Some agents said in private interviews that Mr. Youssef could be abrasive, but they added that he was hard-working.
In his post in Riyadh, he said in the complaint, he helped the bureau obtain access to six people held in the Khobar Towers case after American officials complained that the Saudis were not cooperating. He also resolved minor disputes, like one that arose when an F.B.I. official was found to have brought liquor into Saudi Arabia, an Islamic country that forbids alcohol.
But when Mr. Youssef returned to F.B.I. headquarters in 2000, according to his complaint, he was excluded from work on counterterrorism investigations, which after the 9/11 attacks became highly sought-after assignments that often led to promotions to the senior executive ranks.
Mr. Youssef is currently assigned at F.B.I. headquarters as the supervisor of a unit that has been translating hundreds of thousands of documents seized from Osama bin Laden's training camps and elsewhere in Afghanistan — a job that Mr. Youssef said undervalued his knowledge and experience as a Middle East counterterrorism expert.
At one point, he was assigned to work alongside employees who had once reported to his subordinates. In his complaint, he said that the F.B.I. had never promoted an American citizen born in an Arabic country in the Middle East to a senior position. At times, he said, agents referred to Arabs using racial slurs.
Mr. Youssef's complaints have circulated in the F.B.I. for many months. Robert S. Mueller III, the bureau's director, was first told of them in June 2002 when he met privately with Mr. Youssef at the office of Representative Frank R. Wolf, Republican of Virginia. After the meeting, Mr. Mueller said he would assign subordinates to review the case.
Mr. Mueller is scheduled to testify on Wednesday to the Senate Judiciary Committee, and Mr. Youssef's complaints are likely to be addressed. Last week, Justice Department officials blocked a request to interview Mr. Youssef made by two senior members of the committee, Charles E. Grassley, Republican of Iowa, and Patrick J. Leahy, Democrat of Vermont.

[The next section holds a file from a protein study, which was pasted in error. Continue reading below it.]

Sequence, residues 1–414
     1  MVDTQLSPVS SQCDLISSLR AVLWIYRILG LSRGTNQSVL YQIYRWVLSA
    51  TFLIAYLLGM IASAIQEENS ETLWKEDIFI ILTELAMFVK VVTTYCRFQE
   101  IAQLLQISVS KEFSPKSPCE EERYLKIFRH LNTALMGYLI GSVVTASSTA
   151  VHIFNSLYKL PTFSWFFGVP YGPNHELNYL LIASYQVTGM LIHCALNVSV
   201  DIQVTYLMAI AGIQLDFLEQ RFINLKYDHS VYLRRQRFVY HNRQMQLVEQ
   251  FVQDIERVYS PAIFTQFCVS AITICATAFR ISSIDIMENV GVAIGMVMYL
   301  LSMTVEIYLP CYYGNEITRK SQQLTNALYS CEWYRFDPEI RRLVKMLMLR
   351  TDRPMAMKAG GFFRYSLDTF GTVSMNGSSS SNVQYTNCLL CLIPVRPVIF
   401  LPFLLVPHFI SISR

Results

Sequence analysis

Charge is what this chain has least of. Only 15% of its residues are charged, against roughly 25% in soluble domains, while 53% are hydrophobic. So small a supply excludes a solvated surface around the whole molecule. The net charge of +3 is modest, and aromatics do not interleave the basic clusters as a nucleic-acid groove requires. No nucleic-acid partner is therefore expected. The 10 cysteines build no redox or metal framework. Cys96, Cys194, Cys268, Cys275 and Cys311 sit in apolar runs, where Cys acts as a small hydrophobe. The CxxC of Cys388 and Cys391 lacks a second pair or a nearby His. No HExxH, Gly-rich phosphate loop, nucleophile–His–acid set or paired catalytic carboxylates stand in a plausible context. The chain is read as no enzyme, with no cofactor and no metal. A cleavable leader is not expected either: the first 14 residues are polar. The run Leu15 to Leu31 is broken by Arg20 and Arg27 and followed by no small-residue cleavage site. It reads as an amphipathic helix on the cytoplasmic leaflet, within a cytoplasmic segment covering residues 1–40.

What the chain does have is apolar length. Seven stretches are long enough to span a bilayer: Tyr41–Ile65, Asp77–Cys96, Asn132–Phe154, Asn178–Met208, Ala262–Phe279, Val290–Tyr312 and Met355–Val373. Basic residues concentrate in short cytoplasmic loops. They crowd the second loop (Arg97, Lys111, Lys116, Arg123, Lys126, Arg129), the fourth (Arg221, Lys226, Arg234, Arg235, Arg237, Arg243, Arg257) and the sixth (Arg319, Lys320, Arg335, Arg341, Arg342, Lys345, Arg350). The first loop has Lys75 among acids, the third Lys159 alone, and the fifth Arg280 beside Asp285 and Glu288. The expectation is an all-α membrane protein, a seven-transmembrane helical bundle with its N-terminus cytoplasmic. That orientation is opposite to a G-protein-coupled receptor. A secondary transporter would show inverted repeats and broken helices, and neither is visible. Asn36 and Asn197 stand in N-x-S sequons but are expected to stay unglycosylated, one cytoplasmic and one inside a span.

Asked about the case, Mr. Grassley said: "The F.B.I. can't afford to have discrimination within its ranks against Arab-Americans or anyone else. It's not only wrong, but it hurts the war on terror. If these allegations are true, the F.B.I. has a major problem that must be addressed immediately."
Mr. Leahy said: "We need to make the F.B.I. as effective and as agile and as responsive as it can be, especially for the war on terrorism. We have found that whistle-blowers have been among the most potent catalysts for reform. Mr. Youssef in particular has special skills and a unique background, and we need to know what he has to say."
Among Mr. Youssef's charges is that the bureau's bias against him undercut terrorism investigations. In July 2001, he said in his complaint, an agent in the bureau's Miami office telephoned Mr. Youssef for help interviewing an unidentified Arabic-speaking "walk-in," who approached the bureau with what Mr. Youssef said was "significant information" about Mr. bin Laden.
Mr. Youssef said his fluency in Arabic and experience in terrorism qualified him uniquely to conduct the interview. But, he said, when agents in the bin Laden unit at F.B.I. headquarters learned that he was to be involved, they intervened to exclude him.
Mr. Youssef said that without anyone qualified to conduct the interview in Arabic, "the walk-in stopped cooperating with the F.B.I. and walked out of the field office. Whatever information this walk-in had was lost."
Copyright 2003 The New York Times Company